Children begin to talk at about age one. The vocabulary they need to do so must be built on perceptual evidence and, indeed, infants begin to recognize spoken words long before they talk. Most of the utterances infants hear, however, are continuous, without pauses between words, so constructing a vocabulary requires them to decompose continuous speech in order to extract the individual words. Here, we present electrophysiological evidence that 10-month-old infants recognize two-syllable words they have previously heard only in isolation when these words are presented anew in continuous speech. Moreover, they only need roughly the first syllable of the word to begin doing this. Thus, prelinguistic infants command a highly efficient procedure for segmentation and recognition of spoken words in the absence of an existing vocabulary, allowing them to tackle effectively the problem of bootstrapping a lexicon out of the highly variable, continuous speech signals in their environment.
  • Sharp, D. J., Scott, S. K., Cutler, A., & Wise, R. J. S. (2005). Lexical retrieval constrained by sound structure: The role of the left inferior frontal gyrus. Brain and Language, 92(3), 309-319. doi:10.1016/j.bandl.2004.07.002.

    Abstract

    Positron emission tomography was used to investigate two competing hypotheses about the role of the left inferior frontal gyrus (IFG) in word generation. One proposes a domain-specific organization, with neural activation dependent on the type of information being processed, i.e., surface sound structure or semantic. The other proposes a process-specific organization, with activation dependent on processing demands, such as the amount of selection needed to decide between competing lexical alternatives. In a novel word retrieval task, word reconstruction (WR), subjects generated real words from heard non-words by the substitution of either a vowel or consonant. Both types of lexical retrieval, informed by sound structure alone, produced activation within anterior and posterior left IFG regions. Within these regions there was greater activity for consonant WR, which is more difficult and imposes greater processing demands. These results support a process-specific organization of the anterior left IFG.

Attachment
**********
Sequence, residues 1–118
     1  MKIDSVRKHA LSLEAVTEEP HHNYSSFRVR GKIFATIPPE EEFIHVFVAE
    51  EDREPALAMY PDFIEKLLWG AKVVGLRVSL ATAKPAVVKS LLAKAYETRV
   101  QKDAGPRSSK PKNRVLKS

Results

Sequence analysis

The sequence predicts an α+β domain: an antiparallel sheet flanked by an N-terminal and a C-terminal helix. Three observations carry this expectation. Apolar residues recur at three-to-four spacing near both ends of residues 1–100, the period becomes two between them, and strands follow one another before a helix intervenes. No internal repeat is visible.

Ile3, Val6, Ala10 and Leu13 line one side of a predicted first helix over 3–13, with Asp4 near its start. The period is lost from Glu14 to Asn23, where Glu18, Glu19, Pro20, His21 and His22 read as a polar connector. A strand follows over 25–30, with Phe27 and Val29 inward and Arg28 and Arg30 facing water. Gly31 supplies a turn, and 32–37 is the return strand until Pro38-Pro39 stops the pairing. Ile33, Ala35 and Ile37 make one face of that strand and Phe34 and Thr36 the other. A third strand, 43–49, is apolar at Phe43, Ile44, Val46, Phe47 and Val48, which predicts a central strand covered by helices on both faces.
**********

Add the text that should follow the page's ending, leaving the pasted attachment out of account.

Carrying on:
• Van Donselaar, W., Koster, M., & Cutler, A. (2005). Exploring the role of lexical stress in lexical recognition. Quarterly Journal of Experimental Psychology, 58A(2), 251-273. doi:10.1080/02724980343000927.

    Abstract